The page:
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A vehicles supply voltage varies considerably depending the state of charge of the battery, the engine speed and the loads, such as any lamps and motors, that are operating. The Fuel, Temperature and Oil gauges all work by measuring a voltage put out by a sender that responds to fuel level, water temperature or oil pressure respectively. Hence, any variation in the supply voltage will cause changes in the readings of the gauges. In order to overcome this problem the voltage needs to be established.

A standard voltage stabiliser used in many vehicles is intended to regulate the voltage to the gauges at about 10 Volts. It does this by monitoring the input voltage and should it find it to be higher than 10 Volts, as it normally would be, then it temporarily removes the supply to the gauges. The gauges are so highly damped, that is slow in responding, that the voltage supply can be interrupted for a few seconds without noticeable effect.

For example, if a car is running with a good battery at reasonable speed, a voltage of 13.0 Volts might well be seen at the stabiliser. The stabiliser should therefore switch off for a few seconds and then switch on again so that the on to off ratio is about 77%:23% and the average voltage the gauges see is 77% of 13.0 Volts = 10 Volts. Similarly, the stabiliser should respond to a 11.5 Volt input, say when the vehicle is stationary with the ignition on, by being on for about 87% of the time and off for the remainder.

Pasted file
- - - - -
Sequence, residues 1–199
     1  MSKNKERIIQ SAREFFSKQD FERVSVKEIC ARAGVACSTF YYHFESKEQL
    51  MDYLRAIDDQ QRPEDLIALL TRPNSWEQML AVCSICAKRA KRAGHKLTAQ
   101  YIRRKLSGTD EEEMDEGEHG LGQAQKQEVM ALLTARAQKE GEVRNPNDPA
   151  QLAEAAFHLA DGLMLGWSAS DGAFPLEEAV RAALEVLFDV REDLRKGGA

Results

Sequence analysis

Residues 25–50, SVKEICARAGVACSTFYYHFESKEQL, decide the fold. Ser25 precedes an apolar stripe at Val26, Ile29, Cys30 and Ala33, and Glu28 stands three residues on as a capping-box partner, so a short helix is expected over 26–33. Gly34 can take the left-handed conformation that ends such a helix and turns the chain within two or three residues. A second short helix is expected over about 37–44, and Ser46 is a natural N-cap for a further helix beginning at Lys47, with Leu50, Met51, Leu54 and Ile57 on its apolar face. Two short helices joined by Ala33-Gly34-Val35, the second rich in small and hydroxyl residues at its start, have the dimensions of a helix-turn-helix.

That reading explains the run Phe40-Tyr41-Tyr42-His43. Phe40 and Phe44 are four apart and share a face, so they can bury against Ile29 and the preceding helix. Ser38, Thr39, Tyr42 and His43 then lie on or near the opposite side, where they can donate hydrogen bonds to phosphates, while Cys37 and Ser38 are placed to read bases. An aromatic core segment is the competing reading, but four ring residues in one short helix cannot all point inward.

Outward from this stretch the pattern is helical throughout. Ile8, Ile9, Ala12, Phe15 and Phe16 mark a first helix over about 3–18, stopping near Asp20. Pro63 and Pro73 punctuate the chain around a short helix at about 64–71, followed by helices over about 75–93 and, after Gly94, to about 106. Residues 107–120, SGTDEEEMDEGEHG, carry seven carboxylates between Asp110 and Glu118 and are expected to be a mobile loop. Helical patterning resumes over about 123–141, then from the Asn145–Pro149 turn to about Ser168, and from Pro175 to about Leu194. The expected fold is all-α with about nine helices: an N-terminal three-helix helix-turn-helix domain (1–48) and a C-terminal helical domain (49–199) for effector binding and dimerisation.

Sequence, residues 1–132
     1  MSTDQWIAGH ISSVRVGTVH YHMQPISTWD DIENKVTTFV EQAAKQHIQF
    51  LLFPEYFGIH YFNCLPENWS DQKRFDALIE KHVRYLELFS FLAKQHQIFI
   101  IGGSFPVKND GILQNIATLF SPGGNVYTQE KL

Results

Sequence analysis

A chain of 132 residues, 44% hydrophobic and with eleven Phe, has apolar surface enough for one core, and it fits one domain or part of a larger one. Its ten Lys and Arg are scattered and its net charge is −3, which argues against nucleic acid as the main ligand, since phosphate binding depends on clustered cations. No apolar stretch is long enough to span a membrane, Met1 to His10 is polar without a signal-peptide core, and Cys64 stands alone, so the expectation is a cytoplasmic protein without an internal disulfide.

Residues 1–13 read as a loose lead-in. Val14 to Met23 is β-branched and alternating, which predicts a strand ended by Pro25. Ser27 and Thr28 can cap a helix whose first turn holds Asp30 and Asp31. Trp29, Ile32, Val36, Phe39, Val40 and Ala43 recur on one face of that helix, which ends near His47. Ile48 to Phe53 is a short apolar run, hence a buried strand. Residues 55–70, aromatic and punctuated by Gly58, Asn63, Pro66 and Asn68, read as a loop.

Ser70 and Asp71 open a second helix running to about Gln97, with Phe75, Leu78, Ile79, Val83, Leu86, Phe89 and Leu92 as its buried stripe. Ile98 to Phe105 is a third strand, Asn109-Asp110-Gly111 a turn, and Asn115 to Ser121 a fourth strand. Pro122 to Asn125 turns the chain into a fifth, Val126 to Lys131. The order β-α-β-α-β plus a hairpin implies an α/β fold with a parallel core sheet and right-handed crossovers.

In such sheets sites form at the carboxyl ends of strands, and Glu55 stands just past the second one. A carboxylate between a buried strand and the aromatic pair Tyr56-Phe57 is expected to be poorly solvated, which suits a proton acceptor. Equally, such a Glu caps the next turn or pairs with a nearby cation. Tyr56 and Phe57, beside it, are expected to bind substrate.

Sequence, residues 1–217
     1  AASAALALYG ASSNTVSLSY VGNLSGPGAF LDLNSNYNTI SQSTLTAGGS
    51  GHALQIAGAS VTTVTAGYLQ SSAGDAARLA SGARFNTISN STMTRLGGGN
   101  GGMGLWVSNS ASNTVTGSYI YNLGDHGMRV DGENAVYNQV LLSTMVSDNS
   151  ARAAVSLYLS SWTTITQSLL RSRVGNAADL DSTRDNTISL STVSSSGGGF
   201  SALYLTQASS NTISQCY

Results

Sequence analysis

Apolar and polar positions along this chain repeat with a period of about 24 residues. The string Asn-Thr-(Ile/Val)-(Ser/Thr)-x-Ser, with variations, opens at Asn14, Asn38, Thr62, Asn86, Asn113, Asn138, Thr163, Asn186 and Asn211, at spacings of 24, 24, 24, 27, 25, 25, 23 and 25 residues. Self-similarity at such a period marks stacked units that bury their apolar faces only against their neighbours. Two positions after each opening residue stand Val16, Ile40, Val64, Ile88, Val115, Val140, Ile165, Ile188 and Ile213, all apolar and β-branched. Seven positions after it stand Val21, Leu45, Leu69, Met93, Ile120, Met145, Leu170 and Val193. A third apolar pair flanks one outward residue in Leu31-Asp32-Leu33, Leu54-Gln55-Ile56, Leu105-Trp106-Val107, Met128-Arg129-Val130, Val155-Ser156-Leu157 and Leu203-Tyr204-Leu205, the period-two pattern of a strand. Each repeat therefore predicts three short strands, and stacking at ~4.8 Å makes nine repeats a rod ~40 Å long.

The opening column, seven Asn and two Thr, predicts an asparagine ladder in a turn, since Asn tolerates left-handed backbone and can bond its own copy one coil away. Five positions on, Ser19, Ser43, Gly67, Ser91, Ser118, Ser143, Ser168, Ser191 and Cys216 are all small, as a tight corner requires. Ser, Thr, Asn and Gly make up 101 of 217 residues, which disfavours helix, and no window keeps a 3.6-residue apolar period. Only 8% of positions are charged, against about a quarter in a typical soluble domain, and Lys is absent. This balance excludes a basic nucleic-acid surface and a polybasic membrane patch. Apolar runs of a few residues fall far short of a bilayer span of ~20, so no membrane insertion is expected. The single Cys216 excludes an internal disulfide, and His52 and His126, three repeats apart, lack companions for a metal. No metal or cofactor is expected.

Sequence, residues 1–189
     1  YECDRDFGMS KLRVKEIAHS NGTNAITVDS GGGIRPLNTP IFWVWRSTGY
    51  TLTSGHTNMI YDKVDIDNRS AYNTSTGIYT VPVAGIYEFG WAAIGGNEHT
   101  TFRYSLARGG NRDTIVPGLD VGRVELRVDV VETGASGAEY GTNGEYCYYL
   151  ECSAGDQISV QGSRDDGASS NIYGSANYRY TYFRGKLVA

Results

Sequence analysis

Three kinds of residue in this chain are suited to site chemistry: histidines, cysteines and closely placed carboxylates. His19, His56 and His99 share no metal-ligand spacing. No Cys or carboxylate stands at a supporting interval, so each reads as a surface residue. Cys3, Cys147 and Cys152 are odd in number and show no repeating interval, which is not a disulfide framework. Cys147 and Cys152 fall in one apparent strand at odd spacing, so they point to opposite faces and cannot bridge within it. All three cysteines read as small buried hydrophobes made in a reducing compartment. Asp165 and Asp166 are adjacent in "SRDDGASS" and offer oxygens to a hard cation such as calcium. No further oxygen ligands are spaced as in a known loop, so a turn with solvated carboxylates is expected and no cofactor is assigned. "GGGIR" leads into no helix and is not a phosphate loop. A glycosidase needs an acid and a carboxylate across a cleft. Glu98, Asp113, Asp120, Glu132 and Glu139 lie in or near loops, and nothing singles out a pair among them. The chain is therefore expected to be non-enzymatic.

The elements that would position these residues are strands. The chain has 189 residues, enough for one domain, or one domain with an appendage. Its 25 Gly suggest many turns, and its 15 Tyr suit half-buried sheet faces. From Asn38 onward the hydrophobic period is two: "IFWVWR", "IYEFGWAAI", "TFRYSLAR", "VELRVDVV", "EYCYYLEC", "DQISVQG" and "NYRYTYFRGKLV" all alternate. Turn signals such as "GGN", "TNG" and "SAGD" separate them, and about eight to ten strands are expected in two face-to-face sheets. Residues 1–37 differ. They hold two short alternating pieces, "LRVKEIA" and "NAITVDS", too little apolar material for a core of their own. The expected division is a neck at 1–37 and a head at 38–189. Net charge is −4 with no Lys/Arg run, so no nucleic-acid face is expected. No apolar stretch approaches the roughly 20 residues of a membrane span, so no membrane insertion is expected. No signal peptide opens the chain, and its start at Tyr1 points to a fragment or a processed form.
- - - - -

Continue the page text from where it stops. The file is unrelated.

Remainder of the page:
Two terminal voltage stabiliser with mounting/earth tab

Three terminal voltage stabiliser.


The pictures above show 2 typical Smiths style voltage stabilisers these are required when using Smiths style gauges and possibly other after market gauges that need a a 10 volt supply.

Voltage stabilisers are often attached to the back of instrument panels in production cars. If you are the type that owns a Maplin catalogue this voltage drop can also be obtained with a small resistance in the circuit, you will have to experiment to find the correct resistance.

The terminals of these devices are usually labelled as follows:
B - Battery/unregulated supply (Vehicles fused ignition switch supply).
I - Instrumentation (stabilized 10v supply).
E - Earth/Chassis Ground.

Typical voltage stabiliser circuit


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